Is this Program Right for You?
Administered by the Carleton-Antioch Global Engagement Program, the Buddhist Studies in India program has become recognized for the academic excellence of its comparative approach to both the theory and practice of Buddhism. The program weaves together the diverse resources of Bodh Gaya, a unique pilgrimage center in northern India, home to more than 40 Buddhist temples within a largely Hindi and Muslim community. Each temple offers a gateway for students to explore a particular culture and region where Buddhism manifests around the world, including Tibet, Sri Lanka, Burma, Japan, Bhutan, and others.
Through comparative study, the program examines each of the three major Buddhist traditions and their historical development: Theravada, Mahayana and Vajrayana. Students live in a Burmese Vihar, or monastery, where a highly qualified team of faculty and on-site staff, led by Director Robert Pryor, provide an engaging and supportive environment. In addition, the program includes group travel to Varanasi and New Delhi, as well as a month-long Independent Study Project at the end of the semester that includes the opportunity to travel to a Buddhist community in India or neighboring countries.
AU students participating in the Carleton-Antioch Global Engagement Program's Buddhist Studies in India program for the Fall semester earn a full semester of AU credit. Students are required to take four courses on the program and receive 4 AU credits per course for a total of 16 credits for the semester. The Buddhist Studies in India curriculum consists of three components: Core Courses; Language Courses; and Required Courses. Students enroll in four courses, including the two required classes, one core course, and a language course or an additional core course. The Required Courses on the program are Buddhist Meditation Traditions and then an Independent Study in a selected topic. Core Course options include courses on Buddhist history, culture and philosophy. Language Courses are offered in Hindi and Tibetan.
For more information on the academic structure of the program and course offerings please see Carleton-Antioch Global Engagement Program's Buddhist Studies in India website.
View the Course Equivalency Database to find out which courses on this program have already been equated to AU courses. Please note that you are NOT limited to just these courses. Students will need to request equivalency for courses which have not been previously reviewed. Read more about the course equivalency process and how AU counts study abroad credits on our Courses and Credits page.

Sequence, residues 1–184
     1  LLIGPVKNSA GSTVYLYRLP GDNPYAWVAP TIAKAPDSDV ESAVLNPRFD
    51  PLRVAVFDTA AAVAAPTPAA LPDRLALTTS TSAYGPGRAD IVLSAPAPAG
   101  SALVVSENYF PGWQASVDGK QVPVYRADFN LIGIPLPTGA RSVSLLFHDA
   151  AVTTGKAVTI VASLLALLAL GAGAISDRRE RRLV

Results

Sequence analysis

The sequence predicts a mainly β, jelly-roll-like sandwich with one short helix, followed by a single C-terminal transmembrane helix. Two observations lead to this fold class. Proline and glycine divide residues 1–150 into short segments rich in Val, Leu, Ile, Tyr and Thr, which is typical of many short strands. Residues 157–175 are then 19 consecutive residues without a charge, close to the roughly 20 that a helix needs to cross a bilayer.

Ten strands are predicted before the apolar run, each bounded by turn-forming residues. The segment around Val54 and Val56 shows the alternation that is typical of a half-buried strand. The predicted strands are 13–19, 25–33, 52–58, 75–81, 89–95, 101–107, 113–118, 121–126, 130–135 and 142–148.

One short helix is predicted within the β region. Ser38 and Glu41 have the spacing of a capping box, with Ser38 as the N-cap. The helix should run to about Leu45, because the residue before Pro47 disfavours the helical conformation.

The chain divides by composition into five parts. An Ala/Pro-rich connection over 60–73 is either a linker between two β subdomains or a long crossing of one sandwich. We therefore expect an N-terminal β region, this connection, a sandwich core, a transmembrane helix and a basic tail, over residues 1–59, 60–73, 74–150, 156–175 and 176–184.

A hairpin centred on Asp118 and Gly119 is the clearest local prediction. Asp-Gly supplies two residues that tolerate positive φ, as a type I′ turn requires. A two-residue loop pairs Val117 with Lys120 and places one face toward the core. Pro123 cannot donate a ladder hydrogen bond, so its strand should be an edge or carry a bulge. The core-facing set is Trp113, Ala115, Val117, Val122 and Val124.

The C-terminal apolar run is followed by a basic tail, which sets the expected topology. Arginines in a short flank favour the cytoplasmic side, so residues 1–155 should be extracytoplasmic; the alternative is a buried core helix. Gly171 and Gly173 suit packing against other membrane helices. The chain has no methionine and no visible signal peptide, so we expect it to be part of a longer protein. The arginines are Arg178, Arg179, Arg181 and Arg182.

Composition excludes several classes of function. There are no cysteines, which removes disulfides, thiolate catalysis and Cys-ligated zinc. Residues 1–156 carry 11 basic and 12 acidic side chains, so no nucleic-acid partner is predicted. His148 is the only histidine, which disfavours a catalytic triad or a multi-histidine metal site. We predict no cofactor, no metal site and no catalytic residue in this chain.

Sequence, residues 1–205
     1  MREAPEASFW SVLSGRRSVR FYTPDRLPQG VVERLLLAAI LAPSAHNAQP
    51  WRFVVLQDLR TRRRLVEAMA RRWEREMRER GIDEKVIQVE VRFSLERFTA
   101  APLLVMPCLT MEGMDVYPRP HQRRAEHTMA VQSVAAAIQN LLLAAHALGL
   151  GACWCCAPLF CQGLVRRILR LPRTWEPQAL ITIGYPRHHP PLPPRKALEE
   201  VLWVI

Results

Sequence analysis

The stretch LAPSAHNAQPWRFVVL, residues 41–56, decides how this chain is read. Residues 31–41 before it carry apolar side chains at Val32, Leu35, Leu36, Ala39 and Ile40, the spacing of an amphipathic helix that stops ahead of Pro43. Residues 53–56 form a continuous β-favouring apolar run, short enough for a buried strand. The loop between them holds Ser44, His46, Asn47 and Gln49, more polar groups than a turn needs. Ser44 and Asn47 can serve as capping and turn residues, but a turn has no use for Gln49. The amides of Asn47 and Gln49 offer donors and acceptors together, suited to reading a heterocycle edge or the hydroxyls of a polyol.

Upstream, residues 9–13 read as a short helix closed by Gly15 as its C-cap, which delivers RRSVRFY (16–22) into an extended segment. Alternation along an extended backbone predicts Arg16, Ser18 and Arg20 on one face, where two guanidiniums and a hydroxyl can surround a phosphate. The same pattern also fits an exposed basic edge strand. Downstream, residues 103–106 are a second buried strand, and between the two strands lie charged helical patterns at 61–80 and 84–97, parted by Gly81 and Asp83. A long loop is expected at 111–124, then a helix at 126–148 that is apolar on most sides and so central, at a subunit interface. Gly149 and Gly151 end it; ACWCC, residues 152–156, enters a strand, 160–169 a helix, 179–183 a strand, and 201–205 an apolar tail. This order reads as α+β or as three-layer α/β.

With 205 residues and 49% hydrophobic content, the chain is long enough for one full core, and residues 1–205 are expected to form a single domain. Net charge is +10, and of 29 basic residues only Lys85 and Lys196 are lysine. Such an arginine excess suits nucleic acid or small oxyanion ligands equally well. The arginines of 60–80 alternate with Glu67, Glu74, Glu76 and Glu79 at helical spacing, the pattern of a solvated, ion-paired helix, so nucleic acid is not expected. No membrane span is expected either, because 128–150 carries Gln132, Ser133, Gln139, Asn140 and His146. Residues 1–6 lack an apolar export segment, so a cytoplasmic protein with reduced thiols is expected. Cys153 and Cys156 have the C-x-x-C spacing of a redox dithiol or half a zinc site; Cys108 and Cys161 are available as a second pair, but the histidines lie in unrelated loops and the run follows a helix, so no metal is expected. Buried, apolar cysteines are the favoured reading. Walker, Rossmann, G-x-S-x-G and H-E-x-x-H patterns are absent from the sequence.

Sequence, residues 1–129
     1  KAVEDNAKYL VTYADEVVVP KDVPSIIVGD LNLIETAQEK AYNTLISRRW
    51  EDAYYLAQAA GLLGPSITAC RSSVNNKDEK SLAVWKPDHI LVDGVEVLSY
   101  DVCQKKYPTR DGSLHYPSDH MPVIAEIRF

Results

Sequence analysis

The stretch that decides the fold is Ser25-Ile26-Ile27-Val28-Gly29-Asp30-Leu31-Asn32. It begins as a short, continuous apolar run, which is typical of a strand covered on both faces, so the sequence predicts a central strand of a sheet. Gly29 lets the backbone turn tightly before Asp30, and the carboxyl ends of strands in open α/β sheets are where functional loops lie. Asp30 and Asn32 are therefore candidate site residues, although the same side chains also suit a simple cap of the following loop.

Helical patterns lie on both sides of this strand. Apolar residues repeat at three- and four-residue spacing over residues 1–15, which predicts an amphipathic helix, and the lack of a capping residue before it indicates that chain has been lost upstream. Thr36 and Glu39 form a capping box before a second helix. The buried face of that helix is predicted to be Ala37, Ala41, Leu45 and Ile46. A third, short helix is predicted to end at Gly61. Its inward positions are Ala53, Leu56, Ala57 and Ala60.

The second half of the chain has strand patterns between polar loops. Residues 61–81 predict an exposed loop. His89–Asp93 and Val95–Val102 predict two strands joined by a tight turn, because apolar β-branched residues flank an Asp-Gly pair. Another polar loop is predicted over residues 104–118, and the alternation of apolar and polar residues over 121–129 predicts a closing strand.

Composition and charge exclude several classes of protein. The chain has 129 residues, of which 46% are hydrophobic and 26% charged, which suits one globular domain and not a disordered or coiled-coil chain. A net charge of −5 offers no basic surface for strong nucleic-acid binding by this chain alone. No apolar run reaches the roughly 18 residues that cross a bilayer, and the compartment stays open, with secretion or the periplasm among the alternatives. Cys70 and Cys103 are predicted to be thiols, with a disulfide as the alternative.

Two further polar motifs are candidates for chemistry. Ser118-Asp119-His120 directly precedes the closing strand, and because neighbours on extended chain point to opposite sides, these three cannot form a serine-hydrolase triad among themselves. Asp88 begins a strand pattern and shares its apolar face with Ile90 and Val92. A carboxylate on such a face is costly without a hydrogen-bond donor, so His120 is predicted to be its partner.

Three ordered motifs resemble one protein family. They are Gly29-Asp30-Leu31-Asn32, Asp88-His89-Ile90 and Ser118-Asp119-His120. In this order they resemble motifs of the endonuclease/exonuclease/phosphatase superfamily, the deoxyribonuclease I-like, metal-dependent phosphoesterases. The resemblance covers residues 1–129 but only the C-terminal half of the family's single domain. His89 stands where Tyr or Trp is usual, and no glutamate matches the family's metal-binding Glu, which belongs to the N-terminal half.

It was in Bodh Gaya, under the Bodhi tree that the prince-ascetic Gotama became the fully enlightened Buddha. For two and a half millennia, Bodh Gaya has been a magnet for pilgrims from all Buddhist cultures who come to venerate this sacred site, each in a fashion unique to his or her own tradition. Thus, within a two-mile radius, temples have been constructed to function with the cultural traditions of Thailand, Burma, Sri Lanka, Japan, China, Bhutan, and Tibet. As well as being a pilgrimage center for Buddhists, Bodh Gaya is home to several thousand Hindus and Muslims. Religious and cultural festivals abound here.
The program begins with a three-day program orientation in London. The group will then spend three days in Delhi for further orientation before proceeding to Bodh Gaya. Classes are held for nine weeks, followed by the three-week independent study period, which may include independent travel to other areas of India, and a final week in Bodh Gaya.
Example Daily Schedule in Bodh Gaya
5:30 am Meditation
6:30 am Breakfast
7:30 am Language Classes
8:30 am Class Period
10:00 am Tea
10:30 am Class Period
12:00 pm Language Practice
1:00 pm Lunch
4:00 pm Tea
5:00 pm Meditation
6:30 pm Dinner
This schedule is followed Monday through Friday. Language classes meet daily, while Philosophy, History, and Anthropology meet three times each week. During the weekends we continue with meditation practice and also have occasional field trips to sites of interest.
Housing and Meal
Lodging and vegetarian meals will be provided at the guest house within the compound of the Burmese Vihar (monastery). Living within a Buddhist monastery, following a rigorous daily schedule and the five basic Buddhist ethical precepts, creates a nourishing environment for study and practice.
The Buddhist Studies in India program is only available in the Fall semester. Please see the program website for specific program dates.